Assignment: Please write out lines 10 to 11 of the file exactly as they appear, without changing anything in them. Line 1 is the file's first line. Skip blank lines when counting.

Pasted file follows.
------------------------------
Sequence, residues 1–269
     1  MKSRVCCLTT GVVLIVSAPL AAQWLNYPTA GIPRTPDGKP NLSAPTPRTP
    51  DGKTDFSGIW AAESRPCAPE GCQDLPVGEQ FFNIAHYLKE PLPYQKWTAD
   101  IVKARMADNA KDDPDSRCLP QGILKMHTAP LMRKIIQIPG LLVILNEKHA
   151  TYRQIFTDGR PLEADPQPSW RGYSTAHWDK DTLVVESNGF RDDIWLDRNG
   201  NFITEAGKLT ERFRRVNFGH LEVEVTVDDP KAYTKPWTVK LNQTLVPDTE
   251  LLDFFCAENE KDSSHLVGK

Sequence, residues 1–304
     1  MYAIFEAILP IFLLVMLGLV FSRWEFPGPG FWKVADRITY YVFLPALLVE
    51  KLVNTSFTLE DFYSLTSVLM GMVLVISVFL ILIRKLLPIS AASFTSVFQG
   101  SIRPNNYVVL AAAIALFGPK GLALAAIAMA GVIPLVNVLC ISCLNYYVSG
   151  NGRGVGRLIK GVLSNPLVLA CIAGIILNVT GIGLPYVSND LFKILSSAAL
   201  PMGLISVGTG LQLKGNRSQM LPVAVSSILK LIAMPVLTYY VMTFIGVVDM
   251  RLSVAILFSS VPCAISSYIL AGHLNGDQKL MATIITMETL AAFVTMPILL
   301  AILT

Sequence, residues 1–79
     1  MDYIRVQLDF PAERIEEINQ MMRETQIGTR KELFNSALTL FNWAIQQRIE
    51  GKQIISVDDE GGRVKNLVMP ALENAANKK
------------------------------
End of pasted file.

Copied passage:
    51  KLVNTSFTLE DFYSLTSVLM GMVLVISVFL ILIRKLLPIS AASFTSVFQG
   101  SIRPNNYVVL AAAIALFGPK GLALAAIAMA GVIPLVNVLC ISCLNYYVSG